Tiger Leaping Gorge

Ears rotated, listening intently, a soft breeze rippled through long whiskers. The first rays of the morning sunpeeked above Jade Dragon mountain. Two huge pupils reflected these rays, a tiger’s, deathly still: she sensed danger. Many metres below her, the fierce waters of the Jinsha river smashed relentlessly into the gorge. But this river was a danger that had been a constant presence in the tiger’s life and was not what brought her to stillness now. The sun’s rays grew brighter, the tiger should be returning to the higher grounds of the mountains after a night of hunting, but instead she remained still. Suddenly, recognition of a scent: hunters. They were close, in front and to both sides, the only escape was down the steep edge to the raging waters below. The crack of a stick, the shuffle of a weapon, a drop of sweat: closer still. The tiger sprang to life, surging down into the valley, her paws crashed down a path of destruction. Before long, the ground levelled and the sound of the quickly approaching hunters was drowned out by the river: it was too wide to jump and the violent whirlpools made it too dangerous to swim. The men arrived, slowly now, cautiously moving forward, weapons ready to strike. A fire burned inside the tiger, a fierce will: she charged towards a large rock and leapt into the unknown. Strong hind legs propelled her into the air, sweat glistened on powerful limbs. For the briefest of moments, the world stilled. The river stopped flowing, the hunters held their breath, the tiger’s heart skipped a beat. All waited anxiously. And then, the gentle thud of paws landing on rock. A slow outward breath. To a murmur of human disbelief, the tiger turned defiantly. The sun appeared over the mountain, lighting up her hide like flames. A weapon fell from a hand. The water crashed angrily against the rocks, but before the droplets could fall, the tiger was gone.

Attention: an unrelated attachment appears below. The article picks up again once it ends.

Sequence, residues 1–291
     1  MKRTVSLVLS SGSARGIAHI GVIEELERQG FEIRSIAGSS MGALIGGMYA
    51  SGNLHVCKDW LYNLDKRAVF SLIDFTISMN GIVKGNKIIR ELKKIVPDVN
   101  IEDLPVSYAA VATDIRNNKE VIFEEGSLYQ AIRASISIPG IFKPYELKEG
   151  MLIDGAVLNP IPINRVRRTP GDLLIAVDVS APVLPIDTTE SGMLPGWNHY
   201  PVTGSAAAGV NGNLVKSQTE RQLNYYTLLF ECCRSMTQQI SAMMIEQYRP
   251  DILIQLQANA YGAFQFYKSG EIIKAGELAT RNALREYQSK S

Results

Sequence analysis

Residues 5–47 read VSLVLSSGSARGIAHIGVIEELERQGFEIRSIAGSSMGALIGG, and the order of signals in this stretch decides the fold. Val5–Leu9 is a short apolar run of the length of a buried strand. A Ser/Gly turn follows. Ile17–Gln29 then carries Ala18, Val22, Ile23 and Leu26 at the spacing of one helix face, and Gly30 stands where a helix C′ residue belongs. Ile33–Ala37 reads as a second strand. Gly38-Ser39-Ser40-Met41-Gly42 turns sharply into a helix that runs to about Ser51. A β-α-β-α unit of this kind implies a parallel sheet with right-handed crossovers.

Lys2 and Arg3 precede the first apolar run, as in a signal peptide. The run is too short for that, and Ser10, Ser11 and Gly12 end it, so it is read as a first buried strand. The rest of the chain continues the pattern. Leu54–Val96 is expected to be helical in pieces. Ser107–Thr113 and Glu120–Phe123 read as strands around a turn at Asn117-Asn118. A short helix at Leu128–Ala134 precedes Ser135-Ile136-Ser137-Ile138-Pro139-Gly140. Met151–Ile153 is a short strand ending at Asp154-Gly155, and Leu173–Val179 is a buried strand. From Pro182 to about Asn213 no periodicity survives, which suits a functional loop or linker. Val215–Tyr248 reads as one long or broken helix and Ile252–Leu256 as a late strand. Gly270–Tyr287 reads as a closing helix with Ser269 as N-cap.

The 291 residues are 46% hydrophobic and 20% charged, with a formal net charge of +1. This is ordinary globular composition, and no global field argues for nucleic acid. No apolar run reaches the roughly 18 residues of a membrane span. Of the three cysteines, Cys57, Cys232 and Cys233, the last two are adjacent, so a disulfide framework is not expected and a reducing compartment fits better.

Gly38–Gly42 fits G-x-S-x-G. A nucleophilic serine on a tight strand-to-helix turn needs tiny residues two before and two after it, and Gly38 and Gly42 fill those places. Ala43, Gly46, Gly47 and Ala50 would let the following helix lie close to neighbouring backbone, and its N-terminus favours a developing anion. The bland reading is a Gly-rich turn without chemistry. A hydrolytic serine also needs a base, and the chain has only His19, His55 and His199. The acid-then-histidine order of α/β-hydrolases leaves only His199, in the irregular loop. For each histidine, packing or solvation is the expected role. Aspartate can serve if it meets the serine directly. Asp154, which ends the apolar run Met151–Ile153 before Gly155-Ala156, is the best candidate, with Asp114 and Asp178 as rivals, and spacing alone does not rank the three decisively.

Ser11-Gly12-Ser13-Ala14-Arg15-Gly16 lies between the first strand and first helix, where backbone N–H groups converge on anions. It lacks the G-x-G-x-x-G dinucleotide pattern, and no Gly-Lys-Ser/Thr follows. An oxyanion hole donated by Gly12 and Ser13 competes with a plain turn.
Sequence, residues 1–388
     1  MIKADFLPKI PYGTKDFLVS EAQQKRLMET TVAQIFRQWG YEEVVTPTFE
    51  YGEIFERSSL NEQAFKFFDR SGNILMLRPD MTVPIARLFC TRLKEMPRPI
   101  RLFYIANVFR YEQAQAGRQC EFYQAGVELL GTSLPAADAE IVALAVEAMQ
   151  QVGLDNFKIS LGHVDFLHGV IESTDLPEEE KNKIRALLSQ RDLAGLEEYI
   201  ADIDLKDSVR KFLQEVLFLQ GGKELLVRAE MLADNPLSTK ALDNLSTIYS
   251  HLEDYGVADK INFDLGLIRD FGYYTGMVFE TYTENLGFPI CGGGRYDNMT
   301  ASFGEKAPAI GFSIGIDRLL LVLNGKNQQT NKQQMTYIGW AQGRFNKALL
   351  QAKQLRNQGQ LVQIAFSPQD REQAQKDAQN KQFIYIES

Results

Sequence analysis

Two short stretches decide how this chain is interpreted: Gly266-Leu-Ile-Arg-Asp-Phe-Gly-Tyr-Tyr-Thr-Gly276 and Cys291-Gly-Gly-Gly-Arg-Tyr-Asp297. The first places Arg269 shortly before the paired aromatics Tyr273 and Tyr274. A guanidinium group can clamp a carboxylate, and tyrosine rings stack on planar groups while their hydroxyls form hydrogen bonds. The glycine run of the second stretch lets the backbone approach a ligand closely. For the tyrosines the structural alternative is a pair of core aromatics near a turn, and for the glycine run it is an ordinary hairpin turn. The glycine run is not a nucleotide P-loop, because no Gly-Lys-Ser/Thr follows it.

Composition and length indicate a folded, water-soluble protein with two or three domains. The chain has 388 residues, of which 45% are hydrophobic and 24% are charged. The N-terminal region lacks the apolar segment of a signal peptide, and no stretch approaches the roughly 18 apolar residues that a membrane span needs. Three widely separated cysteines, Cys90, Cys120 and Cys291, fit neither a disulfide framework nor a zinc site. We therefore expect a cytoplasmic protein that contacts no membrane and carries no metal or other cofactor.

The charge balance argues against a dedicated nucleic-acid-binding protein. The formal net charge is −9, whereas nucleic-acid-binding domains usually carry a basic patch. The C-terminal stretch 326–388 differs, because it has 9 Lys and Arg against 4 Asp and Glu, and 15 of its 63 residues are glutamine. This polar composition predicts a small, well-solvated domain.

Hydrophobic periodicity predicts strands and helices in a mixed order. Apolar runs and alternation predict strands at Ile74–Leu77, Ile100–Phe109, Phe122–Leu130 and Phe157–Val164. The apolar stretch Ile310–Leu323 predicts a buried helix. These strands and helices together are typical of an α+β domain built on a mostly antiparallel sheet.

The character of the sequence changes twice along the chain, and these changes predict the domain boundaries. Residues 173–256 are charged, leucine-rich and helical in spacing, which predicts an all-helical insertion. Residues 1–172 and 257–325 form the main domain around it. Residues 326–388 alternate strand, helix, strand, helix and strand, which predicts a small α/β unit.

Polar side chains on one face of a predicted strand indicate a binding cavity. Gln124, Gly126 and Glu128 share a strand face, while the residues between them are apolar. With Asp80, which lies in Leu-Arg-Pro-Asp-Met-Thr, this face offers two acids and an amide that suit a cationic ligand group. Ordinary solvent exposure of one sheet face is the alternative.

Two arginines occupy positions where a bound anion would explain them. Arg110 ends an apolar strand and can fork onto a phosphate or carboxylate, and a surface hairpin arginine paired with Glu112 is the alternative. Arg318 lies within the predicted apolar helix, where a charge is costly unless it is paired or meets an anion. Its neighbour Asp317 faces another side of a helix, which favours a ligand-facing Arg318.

… Or something roughly along those lines. I couldn’t find the actual myth, so I just added in a few details of my own… what do you mean too many adjectives? I’m a primary school teacher! Basically, as the legend goes, a tiger being chased by hunters, leapt across the 25-30 metre wide Yangtze River and subsequently Tiger Leaping Gorge got its name!